There’s a reason why so many are calling 2017 the Year Of Reckoning. In 2017, beginning with The New York Times’ publication of the sexual misconduct allegations against Harvey Weinstein and the ensuing “Weinstein effect,” it’s become apparent that men are no longer getting away with alleged sexual assault and harassment. (Through his attorneys, Weinstein denied "many of the accusations as patently false.") As Jessica Guynn and Marco della Cava put it at USA Today, 2017 has seemingly shaped up to be “the year sexual misconduct became a fireable offense.”
It is long past time that sexual misconduct be taken seriously, that it be discussed far and wide, that those who survive it are supported and that those who commit it face consequences for their actions. But I’m reluctant to call 2017 the Year Of Reckoning — because the work isn’t done. And it’s not going to be done for a long while yet.
I can understand the impulse behind the label; you only need to compare 2016 to 2017 in order to see why it’s emerged. In 2016, for example, Brock Turner was sentenced by Judge Aaron Persky to only six months in county jail and probation after being found guilty of three counts of sexual assault; Persky’s reasoning was that a more severe sentence would have a “severe impact”on Turner, an explanation that conveniently ignored the “severe impact” Turner’s choice to assault another person had on the woman who survived the attack. Turner was released after three months.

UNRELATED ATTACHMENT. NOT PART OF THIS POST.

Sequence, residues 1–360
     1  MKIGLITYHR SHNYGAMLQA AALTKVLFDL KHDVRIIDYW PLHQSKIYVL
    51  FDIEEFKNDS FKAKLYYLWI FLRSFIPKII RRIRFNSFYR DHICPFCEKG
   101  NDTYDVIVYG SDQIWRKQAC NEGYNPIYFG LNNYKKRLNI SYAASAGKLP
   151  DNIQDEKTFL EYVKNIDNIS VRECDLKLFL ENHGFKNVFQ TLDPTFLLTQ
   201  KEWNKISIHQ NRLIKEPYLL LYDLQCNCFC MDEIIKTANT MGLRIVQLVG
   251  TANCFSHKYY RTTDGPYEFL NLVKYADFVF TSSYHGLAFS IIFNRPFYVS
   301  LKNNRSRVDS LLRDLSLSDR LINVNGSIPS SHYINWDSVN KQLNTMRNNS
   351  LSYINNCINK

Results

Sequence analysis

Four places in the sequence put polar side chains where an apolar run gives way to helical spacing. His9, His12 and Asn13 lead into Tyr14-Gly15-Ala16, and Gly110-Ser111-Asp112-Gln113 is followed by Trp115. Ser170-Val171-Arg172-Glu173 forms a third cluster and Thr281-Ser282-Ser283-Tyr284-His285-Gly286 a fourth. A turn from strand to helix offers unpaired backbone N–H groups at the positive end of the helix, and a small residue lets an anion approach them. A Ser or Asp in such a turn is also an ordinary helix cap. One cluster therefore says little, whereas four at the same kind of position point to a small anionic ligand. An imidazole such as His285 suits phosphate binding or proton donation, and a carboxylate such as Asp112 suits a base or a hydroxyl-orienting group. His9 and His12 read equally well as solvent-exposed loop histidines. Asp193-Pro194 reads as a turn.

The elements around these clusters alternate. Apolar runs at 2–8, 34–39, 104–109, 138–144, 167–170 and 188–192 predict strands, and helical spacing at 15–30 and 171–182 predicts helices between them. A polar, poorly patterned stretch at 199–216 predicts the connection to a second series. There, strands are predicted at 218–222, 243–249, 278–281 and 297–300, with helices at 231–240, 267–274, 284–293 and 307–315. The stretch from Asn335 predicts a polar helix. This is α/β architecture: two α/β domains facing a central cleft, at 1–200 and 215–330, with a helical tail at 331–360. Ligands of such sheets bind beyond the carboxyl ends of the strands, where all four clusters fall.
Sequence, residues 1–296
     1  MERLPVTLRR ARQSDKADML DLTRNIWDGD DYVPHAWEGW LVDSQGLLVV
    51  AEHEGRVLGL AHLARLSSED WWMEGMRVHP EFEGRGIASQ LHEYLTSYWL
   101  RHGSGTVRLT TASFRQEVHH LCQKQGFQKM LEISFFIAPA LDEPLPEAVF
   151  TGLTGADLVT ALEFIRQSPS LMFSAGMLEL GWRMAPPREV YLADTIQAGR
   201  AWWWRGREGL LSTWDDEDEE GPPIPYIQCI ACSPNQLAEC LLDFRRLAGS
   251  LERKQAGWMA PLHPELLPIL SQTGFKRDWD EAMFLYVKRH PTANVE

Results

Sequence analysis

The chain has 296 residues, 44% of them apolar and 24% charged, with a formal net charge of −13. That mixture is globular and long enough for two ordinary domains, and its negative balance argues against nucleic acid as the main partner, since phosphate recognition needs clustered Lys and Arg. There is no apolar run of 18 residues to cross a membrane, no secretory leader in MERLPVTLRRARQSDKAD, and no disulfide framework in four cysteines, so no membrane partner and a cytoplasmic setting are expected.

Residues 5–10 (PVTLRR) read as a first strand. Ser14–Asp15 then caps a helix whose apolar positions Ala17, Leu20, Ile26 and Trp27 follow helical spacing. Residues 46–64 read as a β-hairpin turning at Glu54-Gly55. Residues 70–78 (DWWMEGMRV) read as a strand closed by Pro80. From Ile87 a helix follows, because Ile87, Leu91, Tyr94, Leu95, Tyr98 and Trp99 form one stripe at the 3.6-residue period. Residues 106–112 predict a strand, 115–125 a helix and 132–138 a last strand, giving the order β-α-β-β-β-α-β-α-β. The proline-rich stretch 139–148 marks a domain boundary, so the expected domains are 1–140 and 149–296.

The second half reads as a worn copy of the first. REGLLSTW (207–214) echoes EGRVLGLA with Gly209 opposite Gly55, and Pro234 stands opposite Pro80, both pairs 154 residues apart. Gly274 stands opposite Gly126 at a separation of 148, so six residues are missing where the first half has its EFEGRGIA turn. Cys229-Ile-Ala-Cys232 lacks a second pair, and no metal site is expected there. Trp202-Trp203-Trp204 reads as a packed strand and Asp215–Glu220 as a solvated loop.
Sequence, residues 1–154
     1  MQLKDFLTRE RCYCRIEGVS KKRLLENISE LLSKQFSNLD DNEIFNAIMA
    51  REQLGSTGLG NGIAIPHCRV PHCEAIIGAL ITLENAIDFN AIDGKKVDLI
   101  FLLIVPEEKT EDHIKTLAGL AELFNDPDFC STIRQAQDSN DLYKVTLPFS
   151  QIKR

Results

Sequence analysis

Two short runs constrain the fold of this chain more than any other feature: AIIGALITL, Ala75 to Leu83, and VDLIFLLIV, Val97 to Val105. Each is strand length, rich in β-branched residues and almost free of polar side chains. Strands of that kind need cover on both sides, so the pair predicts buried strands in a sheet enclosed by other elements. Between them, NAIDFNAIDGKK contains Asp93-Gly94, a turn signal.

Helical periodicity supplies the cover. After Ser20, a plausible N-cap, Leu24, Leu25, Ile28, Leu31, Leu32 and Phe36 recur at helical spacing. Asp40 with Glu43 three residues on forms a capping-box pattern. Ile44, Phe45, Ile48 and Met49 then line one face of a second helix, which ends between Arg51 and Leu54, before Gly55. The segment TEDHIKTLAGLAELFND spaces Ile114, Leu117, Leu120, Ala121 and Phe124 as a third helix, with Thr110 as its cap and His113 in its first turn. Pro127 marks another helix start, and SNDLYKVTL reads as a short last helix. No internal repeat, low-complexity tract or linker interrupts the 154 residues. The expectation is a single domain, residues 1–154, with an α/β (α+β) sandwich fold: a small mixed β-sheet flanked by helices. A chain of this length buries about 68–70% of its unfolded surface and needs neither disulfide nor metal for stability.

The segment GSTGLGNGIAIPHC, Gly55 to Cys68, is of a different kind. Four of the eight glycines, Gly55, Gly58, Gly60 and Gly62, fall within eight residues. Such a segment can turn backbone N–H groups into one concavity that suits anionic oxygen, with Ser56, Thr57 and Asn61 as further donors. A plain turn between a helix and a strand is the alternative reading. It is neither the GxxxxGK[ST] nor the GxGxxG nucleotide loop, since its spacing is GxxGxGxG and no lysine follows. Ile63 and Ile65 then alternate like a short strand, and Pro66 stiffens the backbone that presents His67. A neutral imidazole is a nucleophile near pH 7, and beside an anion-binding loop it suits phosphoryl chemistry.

2016 was also the year in which Susan Fowler allegedly experienced misconduct at Uber. Between November of 2015 and December of 2016, while she was employed at Uber as a site reliability engineer, Fowler claims she was allegedly sexually harassed by a manager and threatened with termination if she continued to report it. It wasn’t until her 2017 blog post recounting the alleged events went viral that the claims were investigated. (Then-CEO Travis Kalanick said in statement at the time the investigation was launched, "What [Fowler] describes is abhorrent and against everything Uber stands for and believes in. ... We seek to make Uber a just workplace and there can absolutely no place for this kind of behavior at Uber.")
In 2016, Roger Ailes, who had been accused of alleged sexual harassment by Gretchen Carlson, was allowed to quietly resign from Fox, receiving $40 million as part of the agreement. (Ailes denied Carlson's sexual harassment claims. He died on May 18, 2017.) In 2016, allegations of sexual harassment against Casey Affleck that had originally been made several years prior resurfaced. Affleck had denied the claims and settled in 2010. But instead of people talking about these allegations, he was talked about as a contender for the Academy Award for Best Actor.